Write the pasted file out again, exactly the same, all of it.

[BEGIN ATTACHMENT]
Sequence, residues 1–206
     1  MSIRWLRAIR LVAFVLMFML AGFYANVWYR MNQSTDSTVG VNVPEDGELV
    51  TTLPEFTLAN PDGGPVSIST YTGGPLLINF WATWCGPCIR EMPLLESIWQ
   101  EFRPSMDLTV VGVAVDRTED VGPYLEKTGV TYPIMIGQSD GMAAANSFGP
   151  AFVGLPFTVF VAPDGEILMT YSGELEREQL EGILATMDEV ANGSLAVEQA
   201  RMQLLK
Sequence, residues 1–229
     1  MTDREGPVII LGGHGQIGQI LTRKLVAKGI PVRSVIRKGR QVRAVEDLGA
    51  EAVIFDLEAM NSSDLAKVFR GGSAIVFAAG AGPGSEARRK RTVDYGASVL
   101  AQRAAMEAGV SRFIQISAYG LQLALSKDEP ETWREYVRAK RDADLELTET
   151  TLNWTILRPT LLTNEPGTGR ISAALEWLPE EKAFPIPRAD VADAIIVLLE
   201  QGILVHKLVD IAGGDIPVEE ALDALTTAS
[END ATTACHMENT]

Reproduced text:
Sequence, residues 1–206
     1  MSIRWLRAIR LVAFVLMFML AGFYANVWYR MNQSTDSTVG VNVPEDGELV
    51  TTLPEFTLAN PDGGPVSIST YTGGPLLINF WATWCGPCIR EMPLLESIWQ
   101  EFRPSMDLTV VGVAVDRTED VGPYLEKTGV TYPIMIGQSD GMAAANSFGP
   151  AFVGLPFTVF VAPDGEILMT YSGELEREQL EGILATMDEV ANGSLAVEQA
   201  RMQLLK
Sequence, residues 1–229
     1  MTDREGPVII LGGHGQIGQI LTRKLVAKGI PVRSVIRKGR QVRAVEDLGA
    51  EAVIFDLEAM NSSDLAKVFR GGSAIVFAAG AGPGSEARRK RTVDYGASVL
   101  AQRAAMEAGV SRFIQISAYG LQLALSKDEP ETWREYVRAK RDADLELTET
   151  TLNWTILRPT LLTNEPGTGR ISAALEWLPE EKAFPIPRAD VADAIIVLLE
   201  QGILVHKLVD IAGGDIPVEE ALDALTTAS